Instead of spraying chemicals, they make a "tea" from willow that is harvested on site and spray that on the vines. This tea, high is Salicylic acid makes them hardier and healthier and keeping the yields lower. The fact that they are not spraying insecticide means that whatever insects is eating the Japanese Beetles (a huge problem in a vineyard) is alive and well at Southbrook , taking care of the problem naturally. When I asked which bugs were killing the beetles, Bill said that it doesn't matter because the job is being done by something that is not being killed by the chemicals that kill off everything BUT the beetles. It's a win all the way around. They don't irrigate or worry too much about weeds, which also help keep the yields low, ensuring fewer, higher quality grapes at the end of the season.

He compared the operation to raising children: You pamper your first child, rush him to the doctor at the first sniffle, wipe away every speck of dirt, sterilize everything he touches but with the second child the ten second rule prevails, a cold is just a cold and, consequently, the second child usually develops a stronger immune system and is actually healthier than the first.

"I'm raising 158 acres of second children"

Okay, so on to the meal.
For $30 you can choose the three course prix fixe lunch, which I would highly recommend. We got to try two pizzas, the strawberry salad as well as the asparagus salad, a plate of amazing green tomatoes in olive oil with some in house flat bread and a dessert of cheesecake, local strawberries and some goat yogurt.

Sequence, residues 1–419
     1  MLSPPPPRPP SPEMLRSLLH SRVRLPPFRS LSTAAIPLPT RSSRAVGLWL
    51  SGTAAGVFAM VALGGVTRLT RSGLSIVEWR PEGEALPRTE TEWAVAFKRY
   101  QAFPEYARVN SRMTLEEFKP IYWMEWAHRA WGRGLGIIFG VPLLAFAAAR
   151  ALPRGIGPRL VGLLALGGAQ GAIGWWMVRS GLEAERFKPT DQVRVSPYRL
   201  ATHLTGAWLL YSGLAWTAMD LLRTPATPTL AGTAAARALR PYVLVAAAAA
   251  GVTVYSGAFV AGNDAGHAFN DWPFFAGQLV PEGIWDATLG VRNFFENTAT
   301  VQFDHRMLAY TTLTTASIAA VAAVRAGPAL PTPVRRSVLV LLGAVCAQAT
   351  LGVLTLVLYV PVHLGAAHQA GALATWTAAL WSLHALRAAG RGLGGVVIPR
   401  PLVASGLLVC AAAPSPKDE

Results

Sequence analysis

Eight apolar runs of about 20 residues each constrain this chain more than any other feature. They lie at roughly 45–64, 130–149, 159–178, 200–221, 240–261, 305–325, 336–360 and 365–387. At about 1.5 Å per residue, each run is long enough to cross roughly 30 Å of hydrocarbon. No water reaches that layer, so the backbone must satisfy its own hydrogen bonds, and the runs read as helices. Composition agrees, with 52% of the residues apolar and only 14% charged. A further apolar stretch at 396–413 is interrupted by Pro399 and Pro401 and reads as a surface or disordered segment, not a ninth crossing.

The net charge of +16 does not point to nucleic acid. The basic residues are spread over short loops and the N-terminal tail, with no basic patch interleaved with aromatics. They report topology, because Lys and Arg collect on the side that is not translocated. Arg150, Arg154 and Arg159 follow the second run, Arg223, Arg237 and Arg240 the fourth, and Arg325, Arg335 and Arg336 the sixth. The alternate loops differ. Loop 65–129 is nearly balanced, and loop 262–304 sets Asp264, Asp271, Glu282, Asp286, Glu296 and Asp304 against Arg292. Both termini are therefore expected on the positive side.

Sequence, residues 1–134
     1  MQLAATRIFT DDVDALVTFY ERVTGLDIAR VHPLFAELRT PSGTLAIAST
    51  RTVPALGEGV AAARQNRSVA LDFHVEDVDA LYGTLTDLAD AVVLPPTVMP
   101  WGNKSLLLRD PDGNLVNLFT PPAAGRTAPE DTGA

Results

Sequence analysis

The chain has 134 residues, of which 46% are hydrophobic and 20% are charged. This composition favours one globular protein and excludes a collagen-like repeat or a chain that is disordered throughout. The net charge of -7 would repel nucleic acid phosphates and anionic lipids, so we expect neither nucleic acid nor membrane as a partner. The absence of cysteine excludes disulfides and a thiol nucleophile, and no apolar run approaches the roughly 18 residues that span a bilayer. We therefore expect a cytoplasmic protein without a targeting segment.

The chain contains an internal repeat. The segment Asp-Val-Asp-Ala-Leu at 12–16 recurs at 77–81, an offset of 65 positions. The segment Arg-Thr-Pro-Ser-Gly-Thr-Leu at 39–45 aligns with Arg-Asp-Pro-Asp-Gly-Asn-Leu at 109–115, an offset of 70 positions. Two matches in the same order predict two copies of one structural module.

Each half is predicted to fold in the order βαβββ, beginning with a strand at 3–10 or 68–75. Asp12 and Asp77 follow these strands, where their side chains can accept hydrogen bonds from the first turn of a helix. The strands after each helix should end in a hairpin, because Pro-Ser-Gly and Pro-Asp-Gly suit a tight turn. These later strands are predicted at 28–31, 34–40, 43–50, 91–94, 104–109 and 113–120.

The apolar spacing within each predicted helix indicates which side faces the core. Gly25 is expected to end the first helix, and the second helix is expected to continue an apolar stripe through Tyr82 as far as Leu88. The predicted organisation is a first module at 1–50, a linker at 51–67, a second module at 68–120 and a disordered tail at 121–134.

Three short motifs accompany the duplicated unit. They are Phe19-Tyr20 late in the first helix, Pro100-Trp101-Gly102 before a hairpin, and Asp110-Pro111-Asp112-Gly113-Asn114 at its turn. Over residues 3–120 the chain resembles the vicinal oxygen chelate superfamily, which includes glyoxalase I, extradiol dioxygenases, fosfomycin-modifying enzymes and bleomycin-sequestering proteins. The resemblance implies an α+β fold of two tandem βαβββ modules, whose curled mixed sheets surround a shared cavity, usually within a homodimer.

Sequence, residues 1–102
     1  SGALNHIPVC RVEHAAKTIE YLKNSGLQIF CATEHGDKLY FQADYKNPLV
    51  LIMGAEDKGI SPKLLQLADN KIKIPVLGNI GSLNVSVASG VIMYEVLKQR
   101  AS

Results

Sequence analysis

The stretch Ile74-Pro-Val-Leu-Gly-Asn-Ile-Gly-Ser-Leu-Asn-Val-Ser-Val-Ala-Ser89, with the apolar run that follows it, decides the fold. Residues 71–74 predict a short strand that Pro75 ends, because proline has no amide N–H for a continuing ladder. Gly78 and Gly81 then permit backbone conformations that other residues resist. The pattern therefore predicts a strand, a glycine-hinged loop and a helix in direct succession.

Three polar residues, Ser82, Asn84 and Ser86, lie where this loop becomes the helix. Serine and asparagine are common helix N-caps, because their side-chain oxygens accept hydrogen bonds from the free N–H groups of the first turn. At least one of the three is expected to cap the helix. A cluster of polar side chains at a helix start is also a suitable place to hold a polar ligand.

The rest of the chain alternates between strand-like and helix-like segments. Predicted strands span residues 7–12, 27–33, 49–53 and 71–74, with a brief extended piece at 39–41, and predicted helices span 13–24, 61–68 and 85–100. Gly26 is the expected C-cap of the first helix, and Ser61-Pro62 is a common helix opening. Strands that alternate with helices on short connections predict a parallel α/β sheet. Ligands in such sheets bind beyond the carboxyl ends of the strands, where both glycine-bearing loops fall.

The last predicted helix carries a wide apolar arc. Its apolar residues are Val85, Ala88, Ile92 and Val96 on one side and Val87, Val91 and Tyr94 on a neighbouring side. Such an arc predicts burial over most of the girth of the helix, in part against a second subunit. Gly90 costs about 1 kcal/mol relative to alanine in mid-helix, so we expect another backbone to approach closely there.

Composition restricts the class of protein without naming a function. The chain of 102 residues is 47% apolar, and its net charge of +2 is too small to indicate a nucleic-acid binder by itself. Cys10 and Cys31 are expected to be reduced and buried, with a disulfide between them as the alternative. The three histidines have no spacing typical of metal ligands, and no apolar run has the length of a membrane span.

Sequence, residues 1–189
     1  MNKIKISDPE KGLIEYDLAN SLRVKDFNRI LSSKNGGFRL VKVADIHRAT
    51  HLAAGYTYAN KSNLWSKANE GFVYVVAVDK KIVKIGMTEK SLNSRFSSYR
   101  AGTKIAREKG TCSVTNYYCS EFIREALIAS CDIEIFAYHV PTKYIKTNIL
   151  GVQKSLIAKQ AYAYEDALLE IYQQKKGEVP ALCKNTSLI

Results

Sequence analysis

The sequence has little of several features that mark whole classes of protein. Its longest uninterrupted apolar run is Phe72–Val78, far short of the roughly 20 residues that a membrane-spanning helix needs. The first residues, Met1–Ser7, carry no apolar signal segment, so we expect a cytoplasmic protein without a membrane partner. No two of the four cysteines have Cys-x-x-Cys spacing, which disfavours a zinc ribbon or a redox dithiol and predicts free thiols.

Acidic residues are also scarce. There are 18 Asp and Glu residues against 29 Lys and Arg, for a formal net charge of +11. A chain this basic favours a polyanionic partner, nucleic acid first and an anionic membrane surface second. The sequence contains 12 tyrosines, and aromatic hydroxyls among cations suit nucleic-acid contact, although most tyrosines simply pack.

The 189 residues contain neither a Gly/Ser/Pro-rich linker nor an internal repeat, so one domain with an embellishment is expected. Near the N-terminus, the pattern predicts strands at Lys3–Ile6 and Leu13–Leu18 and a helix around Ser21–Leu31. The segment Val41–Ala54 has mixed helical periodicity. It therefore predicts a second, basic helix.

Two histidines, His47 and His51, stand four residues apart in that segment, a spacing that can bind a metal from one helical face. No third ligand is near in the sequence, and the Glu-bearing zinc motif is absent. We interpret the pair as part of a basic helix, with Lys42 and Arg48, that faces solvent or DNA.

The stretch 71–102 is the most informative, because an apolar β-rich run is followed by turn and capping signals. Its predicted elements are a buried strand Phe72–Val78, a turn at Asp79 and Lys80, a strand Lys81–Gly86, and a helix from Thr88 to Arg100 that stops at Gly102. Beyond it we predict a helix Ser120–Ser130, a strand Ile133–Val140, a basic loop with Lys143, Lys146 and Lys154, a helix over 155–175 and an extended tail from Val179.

For the pizzas, Chef Murphy makes a crust from red fife flour and another Southbrook wine making byproduct, Bioflavia grape skin powder (nothing goes to waste here). This crust is robust, paper thin but with a great chewiness and it's topped with locally grown products. In this case both pizzas featured Southbrook lamb, and my favourite was topped with more asparagus and fresh peas, edible flowers and fresh mozzarella .


This strawberry salad is something I would have never ordered myself, assuming it would be too sweet and not to my liking but I am not too proud to admit that I was very, very wrong. The heavy dousing of black pepper and coarse salt brought out an intensity in an already intense Ontario berry that I was not expecting. The petite verdot vinaigrette and a smattering of peppery greens finished off the dish which has now become something I am going to try to replicate at home.